About

Shalom, Dear Visitor.

I am a scholar of Jewish Thought, the Philosophy of Halakhah, and their connections to Classical American Pragmatism. As part of that I am also examining the contribution of Jewish thought to the Techno-Ethical challenge. I a currently working on the writing of four book projects which examines these topics.

I am currently a Fellow at the Center for Jewish Studies at Harvard University. Prior to that I was a Postdoctoral Associate at Yale University (advised by Prof. Paul Franks). My PhD dissertation was written at The Hebrew University of Jerusalem, the Department of Jewish Thought, on “American 20th Century Jewish Thought and Classical American Pragmatism: New Perspectives on the Writings of Hayyim Hirschensohn, Mordecai M. Kaplan and Eliezer Berkovits”. My Adviser was Prof. Avinoam Rosenak, and the committee members were Prof. Yemima Ben Menachem, Prof. Jonathan Cohen, and Prof. Joseph Turner. The first fruits of this research project include the following:

1. “The Rejection of Radical Foundationalism and Skepticism: Pragmatic Belief in God in Eliezer Berkovits’s Thought” [Hebrew], Jewish Thought 1 (2019), pp. 201-246

2. “Pragmatism and Jewish Thought: Eliezer Berkovits᾽s Philosophy of Halakhic Fallibility”, Journal of Jewish Thought and Philosophy 27, no. 1 (2019), pp. 86-135

2. “The Challenge of the ‘Caring’ God: A. J. Heschel’s Theology in Light of Eliezer Berkovits’ Critique” [Hebrew], Zehuyot 8 (2017), pp. 43-60

3. “R. Ḥayyim Hirschensohn’s Beliefs about Death and Immortality as tested by his Halakhic decision making regarding Autopsies” [Hebrew], DAAT 83 (2017), pp. 339-357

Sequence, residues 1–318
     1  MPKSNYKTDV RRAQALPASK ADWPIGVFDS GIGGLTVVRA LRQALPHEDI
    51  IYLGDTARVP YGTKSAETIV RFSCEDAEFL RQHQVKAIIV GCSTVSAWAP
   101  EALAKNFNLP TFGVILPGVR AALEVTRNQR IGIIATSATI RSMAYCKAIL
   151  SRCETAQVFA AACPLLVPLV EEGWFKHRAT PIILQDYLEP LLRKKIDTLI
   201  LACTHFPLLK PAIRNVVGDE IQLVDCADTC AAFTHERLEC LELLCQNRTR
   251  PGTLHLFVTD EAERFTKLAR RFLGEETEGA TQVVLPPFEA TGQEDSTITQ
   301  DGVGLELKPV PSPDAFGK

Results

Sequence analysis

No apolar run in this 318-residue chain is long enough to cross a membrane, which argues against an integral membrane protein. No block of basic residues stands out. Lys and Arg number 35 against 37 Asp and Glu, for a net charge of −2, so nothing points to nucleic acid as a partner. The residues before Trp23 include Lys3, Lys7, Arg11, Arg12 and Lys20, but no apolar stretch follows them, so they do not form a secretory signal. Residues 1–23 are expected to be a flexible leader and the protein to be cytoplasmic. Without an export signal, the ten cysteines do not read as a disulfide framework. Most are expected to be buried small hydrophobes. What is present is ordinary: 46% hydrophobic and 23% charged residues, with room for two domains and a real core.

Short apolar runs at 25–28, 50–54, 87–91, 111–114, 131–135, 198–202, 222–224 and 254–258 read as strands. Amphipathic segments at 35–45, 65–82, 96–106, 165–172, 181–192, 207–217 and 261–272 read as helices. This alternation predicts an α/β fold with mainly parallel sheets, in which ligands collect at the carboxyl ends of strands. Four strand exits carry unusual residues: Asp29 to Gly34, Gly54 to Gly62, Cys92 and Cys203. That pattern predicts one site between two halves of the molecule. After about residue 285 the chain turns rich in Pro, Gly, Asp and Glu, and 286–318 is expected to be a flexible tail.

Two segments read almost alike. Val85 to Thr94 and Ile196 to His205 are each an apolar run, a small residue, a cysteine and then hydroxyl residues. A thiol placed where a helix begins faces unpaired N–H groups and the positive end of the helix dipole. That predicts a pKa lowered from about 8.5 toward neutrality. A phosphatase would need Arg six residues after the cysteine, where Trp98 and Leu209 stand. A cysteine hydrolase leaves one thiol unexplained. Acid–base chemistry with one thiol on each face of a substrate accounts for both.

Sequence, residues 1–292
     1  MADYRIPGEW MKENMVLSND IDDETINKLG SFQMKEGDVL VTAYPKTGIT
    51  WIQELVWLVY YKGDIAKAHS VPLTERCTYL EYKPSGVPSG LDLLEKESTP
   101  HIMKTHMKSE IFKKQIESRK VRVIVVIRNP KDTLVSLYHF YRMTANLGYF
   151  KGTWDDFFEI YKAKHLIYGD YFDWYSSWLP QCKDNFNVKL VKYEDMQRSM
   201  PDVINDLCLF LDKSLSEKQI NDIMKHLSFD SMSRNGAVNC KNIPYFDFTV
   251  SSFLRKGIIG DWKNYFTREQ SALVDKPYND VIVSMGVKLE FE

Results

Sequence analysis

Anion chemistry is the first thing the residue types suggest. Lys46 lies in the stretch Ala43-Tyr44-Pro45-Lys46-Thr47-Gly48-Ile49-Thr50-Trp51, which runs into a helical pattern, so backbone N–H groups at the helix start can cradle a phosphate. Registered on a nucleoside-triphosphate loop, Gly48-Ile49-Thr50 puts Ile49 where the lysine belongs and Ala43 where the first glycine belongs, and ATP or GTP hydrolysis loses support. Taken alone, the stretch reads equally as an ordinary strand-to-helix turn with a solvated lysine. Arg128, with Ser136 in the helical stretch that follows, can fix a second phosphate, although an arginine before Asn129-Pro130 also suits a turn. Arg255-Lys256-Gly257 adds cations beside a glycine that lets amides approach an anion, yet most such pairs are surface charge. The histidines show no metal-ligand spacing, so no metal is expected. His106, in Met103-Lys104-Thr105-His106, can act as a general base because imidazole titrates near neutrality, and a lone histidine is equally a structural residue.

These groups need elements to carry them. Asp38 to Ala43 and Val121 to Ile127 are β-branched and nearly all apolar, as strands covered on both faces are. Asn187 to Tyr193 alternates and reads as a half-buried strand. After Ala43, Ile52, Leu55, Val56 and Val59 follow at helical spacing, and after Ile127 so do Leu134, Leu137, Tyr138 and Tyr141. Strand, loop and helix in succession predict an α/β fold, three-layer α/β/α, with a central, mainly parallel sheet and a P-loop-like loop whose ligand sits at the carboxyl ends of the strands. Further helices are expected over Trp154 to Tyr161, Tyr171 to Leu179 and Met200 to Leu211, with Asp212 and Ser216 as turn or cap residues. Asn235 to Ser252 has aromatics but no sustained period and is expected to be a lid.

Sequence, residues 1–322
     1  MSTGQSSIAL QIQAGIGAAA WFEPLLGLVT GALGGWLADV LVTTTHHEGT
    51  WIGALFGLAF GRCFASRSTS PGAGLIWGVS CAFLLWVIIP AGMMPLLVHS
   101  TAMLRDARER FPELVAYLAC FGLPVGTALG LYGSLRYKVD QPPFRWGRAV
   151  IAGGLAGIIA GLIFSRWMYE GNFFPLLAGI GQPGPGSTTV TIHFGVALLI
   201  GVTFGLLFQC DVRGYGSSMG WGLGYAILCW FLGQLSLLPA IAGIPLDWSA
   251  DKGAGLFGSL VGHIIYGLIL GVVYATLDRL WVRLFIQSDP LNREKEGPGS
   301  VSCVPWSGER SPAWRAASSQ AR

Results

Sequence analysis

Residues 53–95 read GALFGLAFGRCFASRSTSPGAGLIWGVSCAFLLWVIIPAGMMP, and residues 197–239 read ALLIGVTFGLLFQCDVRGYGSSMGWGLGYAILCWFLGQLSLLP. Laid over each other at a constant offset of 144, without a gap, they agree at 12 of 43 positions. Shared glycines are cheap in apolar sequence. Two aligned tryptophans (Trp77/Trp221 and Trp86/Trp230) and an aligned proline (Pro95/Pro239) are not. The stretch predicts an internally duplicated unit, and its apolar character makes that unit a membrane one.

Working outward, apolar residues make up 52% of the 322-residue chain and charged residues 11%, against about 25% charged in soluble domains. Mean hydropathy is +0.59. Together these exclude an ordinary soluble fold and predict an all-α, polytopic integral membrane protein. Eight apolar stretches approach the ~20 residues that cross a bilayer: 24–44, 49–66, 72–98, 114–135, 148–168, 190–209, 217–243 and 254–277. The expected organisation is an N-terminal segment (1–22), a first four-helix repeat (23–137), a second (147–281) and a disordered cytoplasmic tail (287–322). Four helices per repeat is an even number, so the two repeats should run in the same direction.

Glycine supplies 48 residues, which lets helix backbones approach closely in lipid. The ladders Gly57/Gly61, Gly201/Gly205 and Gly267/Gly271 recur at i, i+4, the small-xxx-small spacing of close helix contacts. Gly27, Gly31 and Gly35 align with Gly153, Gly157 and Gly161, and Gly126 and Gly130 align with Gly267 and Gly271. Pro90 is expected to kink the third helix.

4. “Pragmatism: A New name for some Old ways of thinking in Judaism”, Review-essay [in Hebrew] of D. Brezis, Between Zealotry and Grace: Anti-Zealotic Trends in Rabbinic Thought, and H. E. Hashkes, Rabbinic Discourse as a System of Knowledge, DAAT 82 (2016), pp. 405-417

Three other articles are under review and about seven others are in preparation.

In 1996 I studied at the Ma'aleh Gilbo'a Yeshivah, where I learned from great teachers, including R. David Bigman, R. Yehudah Gilad, and R. Shmuel Reiner. Between 2002-2006 I was privileged to study at “Revivim” (Jewish studies teachers training honors program). As a part of that, I graduated (MA magna cum laude, 2007) at the Department of Jewish Thought, The Hebrew University. The MA thesis I wrote (advised by Prof. Moshe Halbertal) is entitled “'If so, there would be no end to the matter' As Halakhic Argument in Rabbinic Texts” (Hebrew; for an English summary see here). In this work I examined a deliberative inclination to limit Halakhic concepts entailing endless normative implications.

From fall 2012 until summer 2016 I was a Fellow at The Hartman Institute's Beit-Midrash in Jerusalem. On winter 2014-2015 I taught two intensive academic courses at the Paideia Institute, in Stockholm (Sweden): 'The Varieties of Medieval Jewish Thought', and 'Modern Jewish Thought: The Turn to the World'. The courses I taught at Yale dealt with the topic of my PhD dissertation (Judaism and Pragmatism), and with Jewish and Humanist Philosophies of Technology.

I am married to Eliraz, we currently reside in New Haven with our four children. In this website I reflect on Judaism, Israel, social issues, education, and technology, from a Jewish-humane and Zionist perspective. The opinions expressed here are my own, and do not necessarily represent any official opinion of the institutions I work for.

You may contact me at nadav.berman (at) mail.huji.ac.il

All the best,

Nadav Berman Shifman